Quinlivan & Hughes’ attorney Cally Kjellberg-Nelson is the recipient of the 2013 Deb Oberlander Award from the Minnesota Defense Lawyers Association (MDLA). The award, created in memory of MDLA’s former executive director who passed away in 2008, recognizes the professionalism, service, and contribution to excellence in the practice of law by a new lawyer. Cally served as the Vice Co-Chair of the MDLA’s New Defense Lawyers Group (2011–2012) and Co-Chair (2012-2013). Cally has also been involved with the Mid-Winter Conference Planning Committee (2012 and 2013), as well as with the Association’s 50th Anniversary Celebration held in conjunction with the Trial Techniques Seminar and the Trial Academy Planning Committee (2013). Cally is published in Minnesota Defense Magazine, "Laches, A Defense That Is Alive and Well in Minnesota", Minnesota Defense Magazine | Spring 2010, and recently presented at the 2013 MDLA Trial Techniques Seminar on the recently amended Rules of Civil Procedure.
In addition to her MDLA activities, Cally has also been active in the Stearns/Benton Bar Association, the Seventh District Bar Association, and the Minnesota State Bar Association. She also serves as the Central Chapter Liaison to the Minnesota Women Lawyers Association (2012-2014).
We congratulate Cally on this well-deserved honor!
Quinlivan & Hughes attorney Michael Rajkowski successfully argued before the Minnesota Supreme Court in the CapX2020 high-voltage transmission line matter that landowners are entitled to relocation costs and minimum compensation. The decision overturns a Court of Appeals decision and affirms the ruling by Stearns County District Court Judge Frank Kundrat.
The case involves landowners who invoked the Buy the Farm statute, which allows homeowners and farmers to force a utility to purchase their entire property at fair market value rather than selling an easement to the utility. Judge Kundrat previously ruled that the homeowners who invoked the Buy the Farm statute were entitled to relocation costs and minimum compensation. A three-judge panel of the Court of Appeals, however, reversed that decision, in a 2-1 vote. Court of Appeals Judge Edward Cleary dissented, writing that the landowners essentially were forced from their property by an involuntary taking by CapX and that they were entitled to the compensation and relocation costs.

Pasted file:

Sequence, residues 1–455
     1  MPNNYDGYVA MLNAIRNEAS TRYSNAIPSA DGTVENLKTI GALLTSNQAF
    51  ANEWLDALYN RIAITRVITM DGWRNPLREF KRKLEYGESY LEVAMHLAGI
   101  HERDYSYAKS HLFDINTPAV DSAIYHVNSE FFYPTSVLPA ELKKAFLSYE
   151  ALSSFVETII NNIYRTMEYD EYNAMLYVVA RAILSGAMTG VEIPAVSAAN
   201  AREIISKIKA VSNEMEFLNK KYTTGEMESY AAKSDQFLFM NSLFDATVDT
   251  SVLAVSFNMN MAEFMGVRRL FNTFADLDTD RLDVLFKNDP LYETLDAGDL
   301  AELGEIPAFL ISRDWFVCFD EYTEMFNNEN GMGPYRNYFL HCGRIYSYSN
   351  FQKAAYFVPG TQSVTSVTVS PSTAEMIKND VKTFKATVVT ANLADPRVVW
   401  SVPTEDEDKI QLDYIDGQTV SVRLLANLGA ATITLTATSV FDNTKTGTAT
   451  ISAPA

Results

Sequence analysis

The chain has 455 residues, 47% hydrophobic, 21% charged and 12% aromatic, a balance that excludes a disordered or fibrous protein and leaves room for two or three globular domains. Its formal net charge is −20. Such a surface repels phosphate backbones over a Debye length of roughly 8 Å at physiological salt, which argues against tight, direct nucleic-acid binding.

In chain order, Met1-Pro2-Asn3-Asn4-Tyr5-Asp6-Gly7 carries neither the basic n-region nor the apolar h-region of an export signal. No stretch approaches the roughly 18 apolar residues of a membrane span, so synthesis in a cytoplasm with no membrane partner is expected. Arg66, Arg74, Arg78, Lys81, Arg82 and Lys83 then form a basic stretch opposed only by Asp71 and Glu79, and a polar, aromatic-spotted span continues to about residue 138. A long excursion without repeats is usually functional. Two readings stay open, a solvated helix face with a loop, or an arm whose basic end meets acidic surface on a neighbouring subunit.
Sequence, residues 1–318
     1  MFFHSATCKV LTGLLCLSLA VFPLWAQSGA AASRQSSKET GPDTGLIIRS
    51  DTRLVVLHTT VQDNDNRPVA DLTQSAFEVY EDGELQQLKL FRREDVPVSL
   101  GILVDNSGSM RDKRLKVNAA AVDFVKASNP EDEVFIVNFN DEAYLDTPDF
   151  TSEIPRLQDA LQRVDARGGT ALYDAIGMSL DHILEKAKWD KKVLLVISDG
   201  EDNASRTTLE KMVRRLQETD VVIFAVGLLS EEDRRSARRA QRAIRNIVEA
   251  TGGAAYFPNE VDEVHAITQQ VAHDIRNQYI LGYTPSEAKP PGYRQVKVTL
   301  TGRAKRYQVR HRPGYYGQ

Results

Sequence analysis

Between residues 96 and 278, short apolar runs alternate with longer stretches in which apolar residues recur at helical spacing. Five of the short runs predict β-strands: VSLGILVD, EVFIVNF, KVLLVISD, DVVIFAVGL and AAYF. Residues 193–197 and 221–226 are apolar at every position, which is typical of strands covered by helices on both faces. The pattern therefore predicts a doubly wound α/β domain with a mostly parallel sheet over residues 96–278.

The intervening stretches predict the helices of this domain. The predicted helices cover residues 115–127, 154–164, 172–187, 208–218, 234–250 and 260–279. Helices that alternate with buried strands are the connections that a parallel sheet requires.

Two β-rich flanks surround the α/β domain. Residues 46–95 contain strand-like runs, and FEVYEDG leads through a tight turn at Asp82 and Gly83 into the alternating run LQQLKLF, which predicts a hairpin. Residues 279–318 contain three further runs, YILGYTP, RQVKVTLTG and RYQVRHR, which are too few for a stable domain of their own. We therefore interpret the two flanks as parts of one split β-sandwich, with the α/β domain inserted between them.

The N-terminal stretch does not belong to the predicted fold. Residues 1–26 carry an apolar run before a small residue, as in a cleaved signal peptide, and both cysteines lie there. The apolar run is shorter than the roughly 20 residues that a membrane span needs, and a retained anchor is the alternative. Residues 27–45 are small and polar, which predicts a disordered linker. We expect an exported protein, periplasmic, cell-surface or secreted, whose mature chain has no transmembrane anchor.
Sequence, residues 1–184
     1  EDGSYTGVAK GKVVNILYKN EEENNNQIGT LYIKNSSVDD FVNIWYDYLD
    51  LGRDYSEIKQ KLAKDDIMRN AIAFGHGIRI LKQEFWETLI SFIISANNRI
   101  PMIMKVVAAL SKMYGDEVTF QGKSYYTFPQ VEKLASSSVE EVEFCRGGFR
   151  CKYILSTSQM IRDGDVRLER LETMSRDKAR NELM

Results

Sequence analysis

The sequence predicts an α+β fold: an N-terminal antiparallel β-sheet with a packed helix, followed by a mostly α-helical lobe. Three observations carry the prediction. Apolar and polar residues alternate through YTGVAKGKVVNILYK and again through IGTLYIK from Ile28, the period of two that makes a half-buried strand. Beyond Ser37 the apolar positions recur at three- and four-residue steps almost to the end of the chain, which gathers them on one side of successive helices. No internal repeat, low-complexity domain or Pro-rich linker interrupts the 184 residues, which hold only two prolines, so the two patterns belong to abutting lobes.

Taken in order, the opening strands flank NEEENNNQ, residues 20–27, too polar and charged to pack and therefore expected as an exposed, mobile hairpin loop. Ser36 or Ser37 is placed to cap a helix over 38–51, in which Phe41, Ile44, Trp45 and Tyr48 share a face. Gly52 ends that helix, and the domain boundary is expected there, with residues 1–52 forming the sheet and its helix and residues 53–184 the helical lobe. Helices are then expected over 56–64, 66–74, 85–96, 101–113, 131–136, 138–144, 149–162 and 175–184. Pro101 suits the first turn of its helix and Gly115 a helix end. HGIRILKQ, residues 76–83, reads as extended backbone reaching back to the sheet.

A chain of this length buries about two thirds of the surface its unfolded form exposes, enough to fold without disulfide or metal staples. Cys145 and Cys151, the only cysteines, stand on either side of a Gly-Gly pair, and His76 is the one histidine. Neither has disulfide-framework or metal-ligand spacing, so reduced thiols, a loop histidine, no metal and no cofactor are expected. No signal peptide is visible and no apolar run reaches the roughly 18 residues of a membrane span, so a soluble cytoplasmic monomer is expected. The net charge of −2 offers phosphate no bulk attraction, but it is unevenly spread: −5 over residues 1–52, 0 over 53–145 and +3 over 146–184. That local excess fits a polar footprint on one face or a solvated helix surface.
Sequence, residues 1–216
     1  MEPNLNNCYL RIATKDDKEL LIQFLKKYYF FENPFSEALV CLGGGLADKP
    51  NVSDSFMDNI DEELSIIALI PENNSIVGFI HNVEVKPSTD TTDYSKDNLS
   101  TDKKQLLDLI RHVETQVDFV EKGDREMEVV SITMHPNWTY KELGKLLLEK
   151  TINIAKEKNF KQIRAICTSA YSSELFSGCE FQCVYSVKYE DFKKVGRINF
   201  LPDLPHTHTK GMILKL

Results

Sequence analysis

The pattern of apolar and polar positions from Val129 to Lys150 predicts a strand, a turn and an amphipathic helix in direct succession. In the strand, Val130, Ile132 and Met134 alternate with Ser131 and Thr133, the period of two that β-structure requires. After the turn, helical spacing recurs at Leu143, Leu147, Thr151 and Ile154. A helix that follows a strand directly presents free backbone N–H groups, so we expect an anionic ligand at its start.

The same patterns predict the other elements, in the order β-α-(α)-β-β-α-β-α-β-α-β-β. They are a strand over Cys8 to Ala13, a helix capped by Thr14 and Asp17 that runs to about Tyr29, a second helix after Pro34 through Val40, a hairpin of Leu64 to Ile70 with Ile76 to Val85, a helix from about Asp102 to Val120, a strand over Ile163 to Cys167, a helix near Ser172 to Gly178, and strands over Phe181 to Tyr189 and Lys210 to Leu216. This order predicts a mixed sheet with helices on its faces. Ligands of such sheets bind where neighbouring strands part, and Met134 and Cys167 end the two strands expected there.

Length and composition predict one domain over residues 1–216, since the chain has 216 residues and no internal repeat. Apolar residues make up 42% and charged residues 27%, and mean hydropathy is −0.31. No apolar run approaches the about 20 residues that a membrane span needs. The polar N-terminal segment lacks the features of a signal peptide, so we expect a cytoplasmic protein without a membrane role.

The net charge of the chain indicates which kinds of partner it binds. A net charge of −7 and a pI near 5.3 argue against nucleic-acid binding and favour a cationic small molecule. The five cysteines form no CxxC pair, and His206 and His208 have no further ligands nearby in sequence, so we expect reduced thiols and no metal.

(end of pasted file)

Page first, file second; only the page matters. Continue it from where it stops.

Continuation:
The Supreme Court decision overturned that Court of Appeals decision agreeing with Judge Cleary's dissent. The Supreme Court's decision can be found .
Has the government taken a condemnation / eminent domain action against you? Know your rights and protect your inventment. Contact the Quinlivan & Hughes Condemnation and Eminent Domain team today!
Rachael Holthaus was born and raised in the St. Cloud area. She was admitted to the Minnesota Bar in May 2013 and joined the firm as an associate at that time. She received her B.S. from the University of Wisconsin-River Falls (Business Administration with a Minor in Spanish) in 2009 and her J.D. from William Mitchell College of Law in 2013. While in law school, Rachael worked as a law clerk at Acumen Legal Advisors, PLLC where she assisted in business law and real estate matters. She also externed at Hennepin County District Court and was a research assistant for Professor John O. Sonsteng. Rachael was also involved in William Mitchell's moot court competition where she competed in the New York Bar Association National Competition.
Dyan J. Ebert has been invited to become a member of the Association of Defense Trial Attorney’s Executive Council. She will be one of nine council members selected from the United States and Canada to serve on the Council. The ADTA limits membership to one prime member with at least 5 years of experience in civil trial defense for every million in population. John Quinlivan who recently passed in September 2012 served as the Association’s President from 1981-92. Dyan has been an associate member under John Quinlivan and assumed his prime membership after he retired from practice.
Jolene Schley was born and raised in the St. Cloud area. She was admitted to the Minnesota Bar in May 2006 and joined the firm as an associate in February 2013. She received her B.A. from The College of St. Benedict (Political Science) in 2002 and her J.D. from the University of St. Thomas School of Law in 2005. Prior to joining Quinlivan & Hughes, Ms. Schley was Legal/Compliance/Credit Administration Officer at Maple Bank in Champlin. Jolene practices in the areas of Business and Corporate Law, Wills, Probate Estate Planning, Trusts and Real Estate.